Scalia’s death, the Labor Movement, and Fredrichs v. CTA

Justice Scalia’s death came as a complete surprise and raises many questions as to the disposition of Supreme Court cases this term, Friedrichs v. CTA chief among them and the future of the labor movement. While lengthy discussions on the implications will continue here is our first take:

We remain fully committed to our organizing mobilization efforts. That is paramount regardless of what happens in Friedrichs v. CTA

The impact of Justice Scalia’s death on pending Supreme Court cases where rulings have not been issued is not yet known. The possible outcomes are outlined below:

Such cases may be decided by the remaining eight justices.

If the remaining justices are split evenly, there are three choices available to them:

1) They could issue a 4-4 decision, which would have the impact of upholding the ruling of the Court of Appeals; in Friedrichs v. CTA that means leaving Abood (and fair-share dues) intact. CTA would win the case.

2) They could decide to have the case reargued in the next term of the Supreme Court once a new justice has been confirmed. (Even though Sen. McConnell has already said he would not confirm a new justice, it is conceivable that a justice could be confirmed before the end of the term. However, in order for that justice to vote on the decision, oral argument would have to be rescheduled for the benefit of that justice, which seems quite unlikely.)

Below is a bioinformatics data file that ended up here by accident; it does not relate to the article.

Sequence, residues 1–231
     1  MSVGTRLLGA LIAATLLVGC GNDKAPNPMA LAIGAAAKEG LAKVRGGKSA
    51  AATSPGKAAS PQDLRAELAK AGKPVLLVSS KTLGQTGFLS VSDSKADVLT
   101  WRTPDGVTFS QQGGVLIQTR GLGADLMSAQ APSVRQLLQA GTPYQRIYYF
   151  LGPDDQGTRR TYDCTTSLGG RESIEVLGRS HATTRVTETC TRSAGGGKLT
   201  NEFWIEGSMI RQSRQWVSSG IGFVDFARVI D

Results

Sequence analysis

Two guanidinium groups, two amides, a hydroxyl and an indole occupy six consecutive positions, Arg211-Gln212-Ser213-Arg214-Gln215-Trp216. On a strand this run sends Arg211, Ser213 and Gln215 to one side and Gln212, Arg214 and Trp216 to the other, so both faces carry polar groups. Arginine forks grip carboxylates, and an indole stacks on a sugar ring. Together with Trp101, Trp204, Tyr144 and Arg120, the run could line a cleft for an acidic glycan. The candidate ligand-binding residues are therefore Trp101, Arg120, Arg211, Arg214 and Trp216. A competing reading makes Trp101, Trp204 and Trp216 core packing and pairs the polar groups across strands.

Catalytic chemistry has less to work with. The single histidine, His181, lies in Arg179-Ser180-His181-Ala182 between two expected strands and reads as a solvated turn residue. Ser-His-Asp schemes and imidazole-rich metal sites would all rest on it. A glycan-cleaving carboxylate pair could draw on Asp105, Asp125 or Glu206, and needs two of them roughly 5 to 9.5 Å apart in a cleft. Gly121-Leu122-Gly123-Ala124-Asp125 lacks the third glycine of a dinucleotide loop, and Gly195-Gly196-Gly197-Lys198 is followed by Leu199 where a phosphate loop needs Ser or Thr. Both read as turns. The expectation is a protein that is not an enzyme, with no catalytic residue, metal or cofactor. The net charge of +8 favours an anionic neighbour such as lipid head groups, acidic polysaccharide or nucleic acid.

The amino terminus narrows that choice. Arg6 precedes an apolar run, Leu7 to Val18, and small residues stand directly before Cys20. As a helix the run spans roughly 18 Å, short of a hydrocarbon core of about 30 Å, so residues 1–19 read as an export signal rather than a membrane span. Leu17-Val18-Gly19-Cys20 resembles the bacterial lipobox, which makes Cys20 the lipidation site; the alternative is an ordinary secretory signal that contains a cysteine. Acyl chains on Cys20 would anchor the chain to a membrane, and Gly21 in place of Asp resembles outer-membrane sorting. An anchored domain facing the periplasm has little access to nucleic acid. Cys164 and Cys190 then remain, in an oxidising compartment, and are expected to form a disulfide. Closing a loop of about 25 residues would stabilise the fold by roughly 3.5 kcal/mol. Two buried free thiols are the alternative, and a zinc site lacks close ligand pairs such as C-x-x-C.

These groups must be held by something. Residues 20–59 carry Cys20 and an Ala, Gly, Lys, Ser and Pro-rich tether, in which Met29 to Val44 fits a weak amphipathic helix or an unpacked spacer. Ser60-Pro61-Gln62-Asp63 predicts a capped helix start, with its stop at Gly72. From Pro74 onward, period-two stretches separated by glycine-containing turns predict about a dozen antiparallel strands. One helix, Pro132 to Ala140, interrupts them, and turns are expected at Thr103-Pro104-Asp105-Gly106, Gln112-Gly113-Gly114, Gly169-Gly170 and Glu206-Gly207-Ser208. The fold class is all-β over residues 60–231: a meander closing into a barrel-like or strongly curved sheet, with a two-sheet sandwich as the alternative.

3) The remaining justices might decide to resolve the case on procedural non-substantive grounds, meaning, for example, addressing the failure to establish a record in the courts below, thus keeping intact the Abood precedent.

Additionally, we have been asked if an opinion or vote can be rendered posthumously. Every scholar consulted said no. (For example, see the SCOTUS blog at

We may not know the impact on Friedrichs v. CTA until later in this term, perhaps as late as June. While we wait, remember that no single court case will determine the fate of the labor movement or impede the collective will of our members and our movement to improve the lives of our families and our communities.

What we do know is that this development underlines the importance of the upcoming election—and the power of the president to nominate members to vacancies on the Supreme Court.

The bottom line is that we need to stay the course on our organizing efforts and our preparation for a post-Friedrichs world.

Thanks to AFT National for providing us with the core information for this communication.

In Unity,

Tim Killikelly
President, AFT 2121

Posted in E-news Archives, President's message

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